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Artist

Nashville West

About Nashville West

Anyone familiar with Nashville West will tell you that the best thing about them was the otherworldly and soulful flatpicking of the late, great former Byrds member Clarence White. Along with the passionate drum stylings of Gene Parsons (no relation to Gram, but another ex-Byrd as well), Wayne Moss, and Gib Guilbeau, Nashville West were Cosmic American Music pioneers. They were one of the very first bands in music history to blend soulful Rock 'n' Roll with the comforting twang tones of country music, producing a sun-flared sound all their own. White produced weeping slides and harmonic bends with his Bluegrass-rooted picking skills, and country guitar players and enthusiasts will really dig hearing one of the earliest renditions of the Parsons/White B-bender guitar. From the opening title track to the down-home cover of Merle Haggard's "Sing Me Back Home," Nashville West brought out their inner electric cowboy, minus the rhinestones and mythical lore that often dressed up much of yesteryear's country music.

356x237

Nashville West

Anyone familiar with Nashville West will tell you that the best thing about them was the otherworldly and soulful flatpicking of the late, great former Byrds member Clarence White. Along with the passionate drum stylings of Gene Parsons (no relation to Gram, but another ex-Byrd as well), Wayne Moss, and Gib Guilbeau, Nashville West were Cosmic American Music pioneers. They were one of the very first bands in music history to blend soulful Rock 'n' Roll with the comforting twang tones of country music, producing a sun-flared sound all their own. White produced weeping slides and harmonic bends with his Bluegrass-rooted picking skills, and country guitar players and enthusiasts will really dig hearing one of the earliest renditions of the Parsons/White B-bender guitar. From the opening title track to the down-home cover of Merle Haggard's "Sing Me Back Home," Nashville West brought out their inner electric cowboy, minus the rhinestones and mythical lore that often dressed up much of yesteryear's country music.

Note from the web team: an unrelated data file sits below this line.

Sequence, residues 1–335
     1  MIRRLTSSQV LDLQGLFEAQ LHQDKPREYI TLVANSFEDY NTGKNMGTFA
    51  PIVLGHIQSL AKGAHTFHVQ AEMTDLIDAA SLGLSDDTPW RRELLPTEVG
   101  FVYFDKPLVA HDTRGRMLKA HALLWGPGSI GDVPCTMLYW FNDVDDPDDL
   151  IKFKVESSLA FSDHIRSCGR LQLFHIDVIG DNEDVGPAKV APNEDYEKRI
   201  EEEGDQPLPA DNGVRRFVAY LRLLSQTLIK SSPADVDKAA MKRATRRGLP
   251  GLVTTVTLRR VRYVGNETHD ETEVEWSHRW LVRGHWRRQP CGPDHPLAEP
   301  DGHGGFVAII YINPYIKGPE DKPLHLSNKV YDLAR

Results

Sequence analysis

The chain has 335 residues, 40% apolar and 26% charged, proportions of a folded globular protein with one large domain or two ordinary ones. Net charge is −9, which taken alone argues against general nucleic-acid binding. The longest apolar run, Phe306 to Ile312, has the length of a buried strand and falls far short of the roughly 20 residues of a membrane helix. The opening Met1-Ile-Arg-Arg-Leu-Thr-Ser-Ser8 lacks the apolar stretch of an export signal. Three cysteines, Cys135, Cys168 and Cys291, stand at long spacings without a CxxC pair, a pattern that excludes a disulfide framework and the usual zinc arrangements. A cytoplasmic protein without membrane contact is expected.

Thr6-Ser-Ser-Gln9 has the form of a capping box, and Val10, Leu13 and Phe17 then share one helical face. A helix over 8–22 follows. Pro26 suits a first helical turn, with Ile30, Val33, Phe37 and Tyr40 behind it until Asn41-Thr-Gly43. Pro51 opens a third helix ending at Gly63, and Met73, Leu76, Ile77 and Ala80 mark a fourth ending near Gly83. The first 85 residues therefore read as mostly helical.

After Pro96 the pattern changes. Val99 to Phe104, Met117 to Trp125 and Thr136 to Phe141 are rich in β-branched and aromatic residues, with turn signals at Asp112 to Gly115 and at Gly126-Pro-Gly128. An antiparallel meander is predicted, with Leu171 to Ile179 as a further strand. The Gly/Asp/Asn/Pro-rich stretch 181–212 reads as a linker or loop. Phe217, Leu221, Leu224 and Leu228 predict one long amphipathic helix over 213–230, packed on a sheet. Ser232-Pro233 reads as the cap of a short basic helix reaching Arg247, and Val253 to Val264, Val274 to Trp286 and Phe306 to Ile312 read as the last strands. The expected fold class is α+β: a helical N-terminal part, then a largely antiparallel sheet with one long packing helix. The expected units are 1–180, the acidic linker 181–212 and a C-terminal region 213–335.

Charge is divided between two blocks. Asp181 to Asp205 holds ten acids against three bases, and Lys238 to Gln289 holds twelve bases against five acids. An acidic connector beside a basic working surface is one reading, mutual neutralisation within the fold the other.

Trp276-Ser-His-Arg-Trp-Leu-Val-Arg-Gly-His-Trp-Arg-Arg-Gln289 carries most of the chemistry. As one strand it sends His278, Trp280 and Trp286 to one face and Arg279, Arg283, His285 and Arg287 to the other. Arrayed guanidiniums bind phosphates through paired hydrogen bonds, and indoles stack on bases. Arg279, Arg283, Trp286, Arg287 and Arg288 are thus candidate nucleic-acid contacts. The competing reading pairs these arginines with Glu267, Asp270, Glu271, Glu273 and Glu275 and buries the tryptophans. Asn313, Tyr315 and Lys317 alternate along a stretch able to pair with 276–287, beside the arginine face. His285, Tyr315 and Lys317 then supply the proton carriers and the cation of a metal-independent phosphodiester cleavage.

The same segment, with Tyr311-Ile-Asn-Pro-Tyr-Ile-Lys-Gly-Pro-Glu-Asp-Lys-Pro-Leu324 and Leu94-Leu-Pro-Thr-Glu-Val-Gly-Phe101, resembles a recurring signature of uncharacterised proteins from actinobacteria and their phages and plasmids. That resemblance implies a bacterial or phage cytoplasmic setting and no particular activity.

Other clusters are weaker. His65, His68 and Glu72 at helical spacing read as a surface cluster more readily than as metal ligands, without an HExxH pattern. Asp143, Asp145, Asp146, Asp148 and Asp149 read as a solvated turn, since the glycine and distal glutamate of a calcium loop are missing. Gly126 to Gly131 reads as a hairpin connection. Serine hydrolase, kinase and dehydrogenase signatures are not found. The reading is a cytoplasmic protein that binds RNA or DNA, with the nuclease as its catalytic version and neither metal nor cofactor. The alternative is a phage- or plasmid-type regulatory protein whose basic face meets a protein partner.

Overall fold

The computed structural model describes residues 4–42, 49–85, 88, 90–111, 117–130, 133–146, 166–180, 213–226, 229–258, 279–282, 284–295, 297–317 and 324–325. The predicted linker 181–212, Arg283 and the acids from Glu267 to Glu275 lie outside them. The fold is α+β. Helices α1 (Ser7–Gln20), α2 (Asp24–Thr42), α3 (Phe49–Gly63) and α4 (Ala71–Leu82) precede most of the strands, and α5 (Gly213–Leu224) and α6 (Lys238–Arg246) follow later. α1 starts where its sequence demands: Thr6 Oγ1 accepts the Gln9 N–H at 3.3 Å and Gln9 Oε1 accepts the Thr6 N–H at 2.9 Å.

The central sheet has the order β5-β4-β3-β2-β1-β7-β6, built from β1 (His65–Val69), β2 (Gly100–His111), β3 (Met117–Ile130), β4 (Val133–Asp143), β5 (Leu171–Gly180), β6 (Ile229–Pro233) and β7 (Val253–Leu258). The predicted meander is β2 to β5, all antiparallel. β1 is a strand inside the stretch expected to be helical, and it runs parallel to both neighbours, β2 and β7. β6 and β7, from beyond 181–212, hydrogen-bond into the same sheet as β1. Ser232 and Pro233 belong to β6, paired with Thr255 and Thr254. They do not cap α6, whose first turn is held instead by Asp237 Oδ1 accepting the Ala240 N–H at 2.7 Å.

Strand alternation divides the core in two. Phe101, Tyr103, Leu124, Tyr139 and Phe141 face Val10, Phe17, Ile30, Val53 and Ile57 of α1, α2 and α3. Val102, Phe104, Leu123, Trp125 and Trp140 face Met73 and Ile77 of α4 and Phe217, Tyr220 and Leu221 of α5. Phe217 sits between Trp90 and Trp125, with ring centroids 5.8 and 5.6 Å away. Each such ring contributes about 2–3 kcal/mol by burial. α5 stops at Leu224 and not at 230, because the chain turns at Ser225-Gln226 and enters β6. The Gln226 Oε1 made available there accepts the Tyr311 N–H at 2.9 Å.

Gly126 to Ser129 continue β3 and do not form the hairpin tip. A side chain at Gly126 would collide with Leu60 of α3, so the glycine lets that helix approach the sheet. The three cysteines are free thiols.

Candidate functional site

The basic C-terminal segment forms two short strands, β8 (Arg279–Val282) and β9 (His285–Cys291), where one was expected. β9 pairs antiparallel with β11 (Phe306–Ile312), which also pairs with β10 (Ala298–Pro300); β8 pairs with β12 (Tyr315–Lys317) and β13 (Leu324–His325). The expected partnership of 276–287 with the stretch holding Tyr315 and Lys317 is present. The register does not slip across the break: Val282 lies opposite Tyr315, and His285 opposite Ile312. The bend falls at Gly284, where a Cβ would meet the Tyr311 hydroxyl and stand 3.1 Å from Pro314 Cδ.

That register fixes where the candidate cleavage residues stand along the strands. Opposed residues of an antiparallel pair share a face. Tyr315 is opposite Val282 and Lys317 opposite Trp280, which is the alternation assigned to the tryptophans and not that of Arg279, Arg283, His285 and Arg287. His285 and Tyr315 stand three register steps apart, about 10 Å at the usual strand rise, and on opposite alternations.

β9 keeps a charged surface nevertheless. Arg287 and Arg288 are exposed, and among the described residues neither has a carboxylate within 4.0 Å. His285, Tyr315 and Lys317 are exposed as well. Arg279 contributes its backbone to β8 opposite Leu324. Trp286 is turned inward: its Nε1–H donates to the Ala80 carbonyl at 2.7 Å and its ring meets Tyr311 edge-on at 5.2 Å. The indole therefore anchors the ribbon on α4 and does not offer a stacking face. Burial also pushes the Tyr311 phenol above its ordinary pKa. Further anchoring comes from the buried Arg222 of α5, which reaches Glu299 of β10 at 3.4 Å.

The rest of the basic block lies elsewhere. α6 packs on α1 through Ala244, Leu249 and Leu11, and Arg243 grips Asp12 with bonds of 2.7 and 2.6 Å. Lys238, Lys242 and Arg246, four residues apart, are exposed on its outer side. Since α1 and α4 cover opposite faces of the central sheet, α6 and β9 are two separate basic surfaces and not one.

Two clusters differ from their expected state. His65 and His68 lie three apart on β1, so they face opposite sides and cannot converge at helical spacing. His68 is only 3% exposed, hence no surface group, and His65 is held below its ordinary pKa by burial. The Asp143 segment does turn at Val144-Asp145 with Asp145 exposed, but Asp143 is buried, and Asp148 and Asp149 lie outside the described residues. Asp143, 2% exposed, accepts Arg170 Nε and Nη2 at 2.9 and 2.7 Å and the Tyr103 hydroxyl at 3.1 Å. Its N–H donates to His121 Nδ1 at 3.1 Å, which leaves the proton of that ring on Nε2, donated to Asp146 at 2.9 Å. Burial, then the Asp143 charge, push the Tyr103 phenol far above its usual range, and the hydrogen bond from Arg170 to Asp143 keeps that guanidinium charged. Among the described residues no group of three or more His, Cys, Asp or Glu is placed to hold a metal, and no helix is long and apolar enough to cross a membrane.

About Nashville West

Anyone familiar with Nashville West will tell you that the best thing about them was the otherworldly and soulful flatpicking of the late, great former Byrds member Clarence White. Along with the passionate drum stylings of Gene Parsons (no relation to Gram, but another ex-Byrd as well), Wayne Moss, and Gib Guilbeau, Nashville West were Cosmic American Music pioneers. They were one of the very first bands in music history to blend soulful Rock 'n' Roll with the comforting twang tones of country music, producing a sun-flared sound all their own. White produced weeping slides and harmonic bends with his Bluegrass-rooted picking skills, and country guitar players and enthusiasts will really dig hearing one of the earliest renditions of the Parsons/White B-bender guitar. From the opening title track to the down-home cover of Merle Haggard's "Sing Me Back Home," Nashville West brought out their inner electric cowboy, minus the rhinestones and mythical lore that often dressed up much of yesteryear's country music.

About Nashville West

Anyone familiar with Nashville West will tell you that the best thing about them was the otherworldly and soulful flatpicking of the late, great former Byrds member Clarence White. Along with the passionate drum stylings of Gene Parsons (no relation to Gram, but another ex-Byrd as well), Wayne Moss, and Gib Guilbeau, Nashville West were Cosmic American Music pioneers. They were one of the very first bands in music history to blend soulful Rock 'n' Roll with the comforting twang tones of country music, producing a sun-flared sound all their own. White produced weeping slides and harmonic bends with his Bluegrass-rooted picking skills, and country guitar players and enthusiasts will really dig hearing one of the earliest renditions of the Parsons/White B-bender guitar. From the opening title track to the down-home cover of Merle Haggard's "Sing Me Back Home," Nashville West brought out their inner electric cowboy, minus the rhinestones and mythical lore that often dressed up much of yesteryear's country music.

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